Abstract

In this study, the authors designed and applied a new irrigation method called Capillary Wicking Irrigation (CWI), which used microfiber fabric as the source material of irrigation. At present, the effects of CWI on soil moisture, plant growth and surface temperature of a green roof with rain storage are not clear. An experiment was conducted on a green roof in Guangzhou. The authors set three transparent plexiglass containers (A, B and C) with a side length of 1.5 m as an experimental frame on the roof. The authors put ‘steering wheel’ microfiber CWI in containers A and C, which were planted with Sedum lineare Thunb and Fittonia verschaffeltii, respectively. Container B with no CWI was planted with Sedum lineare Thunb. Results indicated that CWI could increase soil water content and make the variation of soil water content gentle in the containers on the roof. The green roof with rain storage had the function of heat preservation in winter and cooling effect in summer, especially for the green roof with CWI. Compared with container B, container A gave better plant growth, for ‘steering wheel’ microfiber CWI can basically provide automatic and suitable water supply for the plant. Therefore, CWI is an effective infiltration irrigation technique for roof greening.

INTRODUCTION

With the acceleration of China's urbanization process, both urban pluvial flooding and water shortage are joining forces to restrict urban development. On the one hand, the increase of impervious area and the decrease of river and lake area greatly weaken the city's ability to retain rainfall runoff, so that the rainwater can quickly gather into a large amount of surface runoff (Bengtsson 2005), which can easily result in urban waterlogging. On the other hand, if the future climate becomes drier, the provision of a secure water supply will become more pressing (Mortazavi-Naeini et al. 2015). In order to cope with these problems, China has set off a construction boom in the sponge city (Che et al. 2015). Sponge city refers to a city that can regulate and store rainwater like a sponge, releasing and utilizing the stored water when needed. As an important part of the sponge city, the green roof has received much attention and become a research hotspot.

The green roof generally consists of a water storage layer, drainage layer, filter layer, soil matrix layer and vegetation layer (Berndtsson 2010; Shafique et al. 2018). Roof greening in the city helps to weaken runoff (Voyde et al. 2010; Stovin et al. 2012; Fassman-Beck et al. 2013; Speak et al. 2013; Li & Babcock 2014; Versini et al. 2015), save energy (Niachou et al. 2001; Castleton et al. 2010; D'Orazio et al. 2012; Chen 2013), increase evapotranspiration (Ouldboukhitine et al. 2012), mitigate the heat-island effect (Susca et al. 2011; Kolokotsa et al. 2013), reduce noise and air pollution (Van Renterghem & Botteldooren 2009; Rowe 2011), and beautify the environment (Brenneisen 2006; Fernandez-Canero & Gonzalez-Redondo 2010; Xiao et al. 2014). Due to the heat consumption effect of evapotranspiration (Mueller et al. 2015), a green roof can bring cooling. Xiao et al. (2014) pointed out that a green roof could effectively reduce the surface temperature of a building in summer and increase the surface temperature of a building in winter. However, the plant in a green roof often suffers from water stress during a long dry period (Qin et al. 2016). Moreover, literature on the irrigating green roof with rain storage is scarce in roof greening research. Hence, how to select the proper irrigation way is a key factor that determines the successful development of the green roof. This study applied a new irrigation method called Capillary Wicking Irrigation (CWI) to a green roof with rain storage.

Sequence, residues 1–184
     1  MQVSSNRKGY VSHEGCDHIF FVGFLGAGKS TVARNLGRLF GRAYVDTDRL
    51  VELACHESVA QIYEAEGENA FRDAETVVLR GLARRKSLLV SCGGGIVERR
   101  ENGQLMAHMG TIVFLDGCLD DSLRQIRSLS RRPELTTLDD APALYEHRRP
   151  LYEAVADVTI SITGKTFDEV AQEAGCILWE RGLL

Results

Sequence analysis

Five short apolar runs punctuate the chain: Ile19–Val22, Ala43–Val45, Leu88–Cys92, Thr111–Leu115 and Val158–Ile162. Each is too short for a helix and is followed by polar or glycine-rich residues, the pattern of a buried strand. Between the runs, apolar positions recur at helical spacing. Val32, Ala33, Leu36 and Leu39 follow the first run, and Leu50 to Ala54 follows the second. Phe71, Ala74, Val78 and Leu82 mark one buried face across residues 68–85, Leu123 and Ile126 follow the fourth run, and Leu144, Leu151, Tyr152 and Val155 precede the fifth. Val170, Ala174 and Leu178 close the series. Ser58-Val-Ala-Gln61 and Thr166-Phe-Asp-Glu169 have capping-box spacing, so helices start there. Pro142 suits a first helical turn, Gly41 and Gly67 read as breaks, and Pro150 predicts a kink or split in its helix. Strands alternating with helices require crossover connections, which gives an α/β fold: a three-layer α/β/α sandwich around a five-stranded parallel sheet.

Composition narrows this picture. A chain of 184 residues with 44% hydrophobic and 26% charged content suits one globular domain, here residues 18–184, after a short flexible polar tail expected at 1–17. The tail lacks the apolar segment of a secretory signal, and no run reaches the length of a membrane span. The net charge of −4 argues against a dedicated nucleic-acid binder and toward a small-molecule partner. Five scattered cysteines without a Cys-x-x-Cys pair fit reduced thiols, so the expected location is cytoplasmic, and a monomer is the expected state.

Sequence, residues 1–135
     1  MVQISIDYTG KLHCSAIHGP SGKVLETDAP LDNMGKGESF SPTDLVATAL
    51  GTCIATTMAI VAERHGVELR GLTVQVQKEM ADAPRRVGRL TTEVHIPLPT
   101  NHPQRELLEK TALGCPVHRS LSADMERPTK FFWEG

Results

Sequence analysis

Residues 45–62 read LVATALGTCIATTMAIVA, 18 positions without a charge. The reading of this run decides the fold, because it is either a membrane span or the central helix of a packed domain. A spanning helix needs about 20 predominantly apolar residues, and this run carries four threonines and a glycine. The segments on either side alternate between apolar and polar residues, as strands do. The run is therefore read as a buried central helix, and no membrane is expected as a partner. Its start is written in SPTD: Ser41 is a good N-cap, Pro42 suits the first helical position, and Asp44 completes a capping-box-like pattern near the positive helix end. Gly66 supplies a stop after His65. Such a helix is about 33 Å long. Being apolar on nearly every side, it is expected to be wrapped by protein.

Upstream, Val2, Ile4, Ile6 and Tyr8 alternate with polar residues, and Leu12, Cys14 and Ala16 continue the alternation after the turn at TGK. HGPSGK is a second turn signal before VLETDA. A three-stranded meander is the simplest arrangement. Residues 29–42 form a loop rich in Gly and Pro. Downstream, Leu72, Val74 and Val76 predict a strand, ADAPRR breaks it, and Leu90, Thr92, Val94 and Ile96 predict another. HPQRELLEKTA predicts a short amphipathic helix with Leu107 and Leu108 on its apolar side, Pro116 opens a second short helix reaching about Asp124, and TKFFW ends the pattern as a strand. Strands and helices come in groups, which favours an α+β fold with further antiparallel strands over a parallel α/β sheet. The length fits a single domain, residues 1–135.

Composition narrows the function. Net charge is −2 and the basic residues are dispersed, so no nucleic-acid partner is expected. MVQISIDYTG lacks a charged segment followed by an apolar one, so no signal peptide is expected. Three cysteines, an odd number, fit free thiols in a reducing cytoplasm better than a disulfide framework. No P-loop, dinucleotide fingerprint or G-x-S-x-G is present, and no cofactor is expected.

So far, sub-surface infiltration irrigation is one of the most advanced water-saving irrigation technologies in the world. In many countries with advanced water-saving technology, sub-surface infiltration irrigation is widely used in greenhouses, orchards and greenbelt (Howes & Abrahams 2003; Kalfountzos et al. 2007). The development and technology research of sub-surface infiltration irrigation equipment is still in its initial stage, which is not mature enough. The blockage of sub-surface infiltration irrigation prevents its development. Capillary Wicking Irrigation (CWI) is a novel infiltration irrigation method, in which water is applied slowly by microfiber wicking infiltration based on capillarity, which can solve the problem of blockage and reduce the ineffective water consumption of soil evaporation. The capillary wicking is often made of cotton, linen, polyester and other materials. In addition to capillarity, the soil moisture moves toward the root of the plant by water potential gradient and plant transpiration. Microfiber CWI technology absorbs water from the rain storage layer below through microfiber capillarity, and it overcomes water gravity with the help of capillary force, and absorbs water into the upper soil layer for plant use. The capillarity of microfiber CWI is similar to that of ‘sweating’, which slowly and continuously infiltrates soil. The amount of infiltration irrigation is induced by soil–plant coupling, and the water supply realizes the automatic water supply (Tan et al. 2014). At the same time, CWI can help to store a part of the precipitation on the roofs and then decrease direct surface runoff to reduce the impact of urban flooding. On the one hand, roof soil can absorb precipitation; on the other hand, the CWI system can store rainwater and apply it. Thus it is expected to slow down waterlogging to a certain extent and control precipitation runoff within a certain range. CWI has solved the problem of pipeline blockage in infiltration irrigation (Wang 2018). In addition, compared with drip irrigation and sprinkling irrigation, the CWI system does not need to be pressurized, so it will not produce adverse effects such as power consumption and head loss. In addition, CWI will not lead to soil hardening, which has a broad application prospect. Nowadays, CWI has been studied in field experiments in a vineyard in Ningxia, China, which showed that under the same amount of irrigation water, compared with furrow irrigation, CWI was more effective in reducing water stress on grapes, thus increasing yield, soluble solids content, sugar–acid ratio and anthocyanin content (Sun et al. 2018). Compared with straight capillary wicking and annular capillary wicking, the ‘steering wheel’ capillary wicking gave higher irrigation uniformity (Huang et al. 2018). In this study, we adopted ‘steering wheel’ microfiber CWI on a green roof with rain storage. However, research on CWI is scarce and the effects of CWI on a green roof with rain storage are not yet clear. The primary objective of this study is to evaluate the effects of ‘steering wheel’ microfiber CWI on soil moisture, plant growth and surface temperature of a green roof with rain storage.